Friday, October 11, 2013

5. Living, Though Dead, in Ohio

"It kind of went further than I ever expected it to…I just kind of took off, ended up in different places."

The age of sixty used to be considered quite old, but is no longer.  Especially now, as I approach a decade that was once light years away.  And with all the wonderful advances in health care, nutrition, exercise, and virtuous living, 60 is really the new—59.  But imagine if you had just cleared your sixth decade and suddenly had to prove that you were still alive—and failed to do so.  This actually happened to a man in Ohio just the other day.

Several readers are probably already aware of this sad and bizarre story that was carried by various news services yesterday.  Most of the reports were jocular in tone, playing on the weirdness and irony of the tale.  Donald Miller, who has led a difficult and troubled life, disappeared in 1986, right after he lost his job.  He apparently suffered from alcoholism, among other problems.  He abandoned his wife and two children, and reportedly owed more than 25,000 dollars in unpaid child support.  According to his ex-wife, he fled the state because he was fearful of going to jail.

In 1994, his wife had him declared legally dead.  This allowed her to obtain much needed financial support for the family by collecting on Social Security benefits for the two children.  But in 2005 Miller returned to Ohio—he had been living in Florida and Georgia, among other places, and worked odd jobs to scrape together a living.  He evidently did not seek treatment for his alcoholism, nor attempt to contact his children.  Back in Ohio, it was his parents who told him that he was dead.  Miller attempted to reactivate his Social Security account, get a driver’s license, and later initiate legal action to have his death ruling over turned.  He wanted to be alive again. 

This was very alarming to his wife, and she opposed the legal proceeding.  If he were successful in his case, she would have had to repay the Social Security benefits she had received while he was still deceased. From his family’s standpoint at least, Mr. Miller was better off “dead”.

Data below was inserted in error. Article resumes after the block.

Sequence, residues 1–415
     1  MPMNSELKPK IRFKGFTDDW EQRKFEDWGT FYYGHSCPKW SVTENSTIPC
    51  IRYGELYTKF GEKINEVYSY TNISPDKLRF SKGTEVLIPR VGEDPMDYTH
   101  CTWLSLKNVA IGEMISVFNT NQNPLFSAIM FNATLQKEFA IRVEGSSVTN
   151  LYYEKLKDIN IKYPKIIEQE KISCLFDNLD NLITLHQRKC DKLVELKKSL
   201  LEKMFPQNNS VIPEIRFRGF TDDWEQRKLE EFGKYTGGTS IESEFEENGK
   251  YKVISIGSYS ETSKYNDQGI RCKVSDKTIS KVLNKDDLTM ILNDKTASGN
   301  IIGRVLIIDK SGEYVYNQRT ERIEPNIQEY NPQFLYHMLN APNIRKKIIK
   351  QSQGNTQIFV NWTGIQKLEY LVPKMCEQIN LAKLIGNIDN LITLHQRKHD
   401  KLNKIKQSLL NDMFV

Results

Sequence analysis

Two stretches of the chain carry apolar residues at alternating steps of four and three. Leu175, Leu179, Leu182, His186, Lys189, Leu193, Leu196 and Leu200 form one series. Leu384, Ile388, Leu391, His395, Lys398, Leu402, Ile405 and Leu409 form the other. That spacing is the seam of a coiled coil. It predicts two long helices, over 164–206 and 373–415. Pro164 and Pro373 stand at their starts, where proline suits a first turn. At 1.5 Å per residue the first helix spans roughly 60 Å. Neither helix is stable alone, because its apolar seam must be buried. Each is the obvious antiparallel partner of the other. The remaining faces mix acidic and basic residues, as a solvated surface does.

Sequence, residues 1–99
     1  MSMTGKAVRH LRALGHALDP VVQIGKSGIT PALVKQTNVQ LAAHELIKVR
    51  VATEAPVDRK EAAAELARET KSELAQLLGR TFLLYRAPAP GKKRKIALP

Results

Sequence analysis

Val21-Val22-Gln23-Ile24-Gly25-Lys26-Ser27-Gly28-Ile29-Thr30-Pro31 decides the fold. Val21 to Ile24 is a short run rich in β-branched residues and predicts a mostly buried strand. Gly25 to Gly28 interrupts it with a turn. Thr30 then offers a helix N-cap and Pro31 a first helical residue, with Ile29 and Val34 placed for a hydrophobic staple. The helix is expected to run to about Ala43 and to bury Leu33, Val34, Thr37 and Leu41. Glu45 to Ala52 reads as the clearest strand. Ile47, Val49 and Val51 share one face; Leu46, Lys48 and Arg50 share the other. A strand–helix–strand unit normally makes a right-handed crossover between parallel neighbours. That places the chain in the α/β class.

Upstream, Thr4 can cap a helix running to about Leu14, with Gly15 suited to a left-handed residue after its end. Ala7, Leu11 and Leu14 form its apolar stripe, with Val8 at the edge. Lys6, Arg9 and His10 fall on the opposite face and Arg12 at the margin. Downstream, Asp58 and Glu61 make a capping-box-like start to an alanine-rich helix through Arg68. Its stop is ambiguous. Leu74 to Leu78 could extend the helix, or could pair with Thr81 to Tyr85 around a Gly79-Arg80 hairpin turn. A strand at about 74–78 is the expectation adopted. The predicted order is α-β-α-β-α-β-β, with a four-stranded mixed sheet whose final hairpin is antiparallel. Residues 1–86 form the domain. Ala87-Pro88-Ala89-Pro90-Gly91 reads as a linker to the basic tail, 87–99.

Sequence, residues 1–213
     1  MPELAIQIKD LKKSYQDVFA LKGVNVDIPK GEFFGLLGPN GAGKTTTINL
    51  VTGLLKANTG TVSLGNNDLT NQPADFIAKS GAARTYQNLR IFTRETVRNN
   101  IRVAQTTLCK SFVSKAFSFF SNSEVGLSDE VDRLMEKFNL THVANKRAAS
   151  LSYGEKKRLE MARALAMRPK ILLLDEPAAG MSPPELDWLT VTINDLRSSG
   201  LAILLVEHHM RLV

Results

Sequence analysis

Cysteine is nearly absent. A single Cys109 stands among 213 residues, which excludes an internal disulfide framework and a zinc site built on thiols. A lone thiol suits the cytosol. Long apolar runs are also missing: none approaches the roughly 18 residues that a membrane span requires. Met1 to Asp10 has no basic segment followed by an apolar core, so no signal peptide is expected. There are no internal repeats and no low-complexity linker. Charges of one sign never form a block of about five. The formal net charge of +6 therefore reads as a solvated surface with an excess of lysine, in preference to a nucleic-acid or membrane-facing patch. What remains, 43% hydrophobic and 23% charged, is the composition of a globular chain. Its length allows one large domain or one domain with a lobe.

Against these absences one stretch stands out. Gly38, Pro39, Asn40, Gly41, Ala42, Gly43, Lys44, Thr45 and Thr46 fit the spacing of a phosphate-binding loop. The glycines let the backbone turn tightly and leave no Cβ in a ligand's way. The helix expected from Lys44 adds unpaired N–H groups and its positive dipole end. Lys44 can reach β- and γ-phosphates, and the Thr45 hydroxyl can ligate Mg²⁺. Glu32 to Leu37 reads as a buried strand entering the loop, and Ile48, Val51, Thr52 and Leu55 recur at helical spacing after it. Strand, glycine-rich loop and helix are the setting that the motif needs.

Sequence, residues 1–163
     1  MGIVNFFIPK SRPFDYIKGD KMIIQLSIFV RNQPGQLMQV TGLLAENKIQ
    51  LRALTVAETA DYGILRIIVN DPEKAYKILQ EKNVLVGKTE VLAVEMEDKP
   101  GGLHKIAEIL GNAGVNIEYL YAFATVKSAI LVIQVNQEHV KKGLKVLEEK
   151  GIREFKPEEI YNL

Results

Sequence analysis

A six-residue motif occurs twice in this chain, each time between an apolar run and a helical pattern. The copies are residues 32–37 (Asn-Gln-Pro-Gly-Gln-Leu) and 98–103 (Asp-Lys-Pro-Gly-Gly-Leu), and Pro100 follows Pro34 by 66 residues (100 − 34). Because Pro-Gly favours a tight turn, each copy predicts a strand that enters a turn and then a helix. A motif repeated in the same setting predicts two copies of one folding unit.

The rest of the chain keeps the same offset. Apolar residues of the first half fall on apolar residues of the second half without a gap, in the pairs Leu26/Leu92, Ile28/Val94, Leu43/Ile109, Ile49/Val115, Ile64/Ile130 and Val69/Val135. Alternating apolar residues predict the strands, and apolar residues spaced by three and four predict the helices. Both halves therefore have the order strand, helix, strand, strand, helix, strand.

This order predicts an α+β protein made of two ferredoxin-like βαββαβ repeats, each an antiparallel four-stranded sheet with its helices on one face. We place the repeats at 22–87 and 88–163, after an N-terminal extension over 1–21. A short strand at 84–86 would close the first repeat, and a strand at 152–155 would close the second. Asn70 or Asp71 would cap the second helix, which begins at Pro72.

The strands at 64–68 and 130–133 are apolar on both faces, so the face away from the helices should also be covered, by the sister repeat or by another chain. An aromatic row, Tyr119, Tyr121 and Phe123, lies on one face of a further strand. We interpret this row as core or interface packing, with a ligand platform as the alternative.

But the 61 year old Miller appeared very much alive in court to make his case for overturning the ruling.  However, Ohio state law unequivocally forbids any changes in a death ruling after a period of three years, and the judge had to rule against him.   So the man remains legally dead.  There does not appear to be any recourse to an appeal of the decision.  His “widow” is reportedly satisfied with the outcome in court and does not hold any bad feelings towards him at this point.

Not much sympathy can be generated for deadbeat dads, and there is no point in defending the gross negligence and irresponsibility of these men.  Nevertheless there is a problem in the logic—or illogic—of the system.  With paycheck garnishment rates as high as 50% or more, the incentive to work ‘over the table’ is reduced or eliminated—assuming that regular employment is even possible.  That leaves ‘under the table’ work, which is often sporadic and even hazardous, especially if the work is illegal.  Incarceration appears to limit employment opportunities significantly.

There is perhaps some emotional satisfaction in knowing that deadbeat dads suffer severe financial consequences for their irresponsibility.  But this must be cold comfort if the actual purpose of the law is to secure the missing father’s obligation to contribute financially to his family’s welfare.  How will he?  It seems that with some imagination—if mercy and compassion are out of the question—there might be a solution somewhere between impoverishment and prison.

What happens to these men when they get older?  How many more years does Mr. Miller have to be dead?

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